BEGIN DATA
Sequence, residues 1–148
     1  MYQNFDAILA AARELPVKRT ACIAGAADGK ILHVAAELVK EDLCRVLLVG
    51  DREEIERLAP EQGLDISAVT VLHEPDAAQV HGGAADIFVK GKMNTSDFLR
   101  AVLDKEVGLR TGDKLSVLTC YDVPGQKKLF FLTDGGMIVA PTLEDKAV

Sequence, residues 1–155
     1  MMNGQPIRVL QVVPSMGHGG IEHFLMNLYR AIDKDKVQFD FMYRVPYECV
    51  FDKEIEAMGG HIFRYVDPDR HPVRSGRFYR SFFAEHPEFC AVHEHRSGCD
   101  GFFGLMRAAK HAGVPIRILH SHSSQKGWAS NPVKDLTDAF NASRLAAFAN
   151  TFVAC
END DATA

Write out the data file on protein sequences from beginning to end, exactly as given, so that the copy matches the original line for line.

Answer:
Sequence, residues 1–148
     1  MYQNFDAILA AARELPVKRT ACIAGAADGK ILHVAAELVK EDLCRVLLVG
    51  DREEIERLAP EQGLDISAVT VLHEPDAAQV HGGAADIFVK GKMNTSDFLR
   101  AVLDKEVGLR TGDKLSVLTC YDVPGQKKLF FLTDGGMIVA PTLEDKAV

Sequence, residues 1–155
     1  MMNGQPIRVL QVVPSMGHGG IEHFLMNLYR AIDKDKVQFD FMYRVPYECV
    51  FDKEIEAMGG HIFRYVDPDR HPVRSGRFYR SFFAEHPEFC AVHEHRSGCD
   101  GFFGLMRAAK HAGVPIRILH SHSSQKGWAS NPVKDLTDAF NASRLAAFAN
   151  TFVAC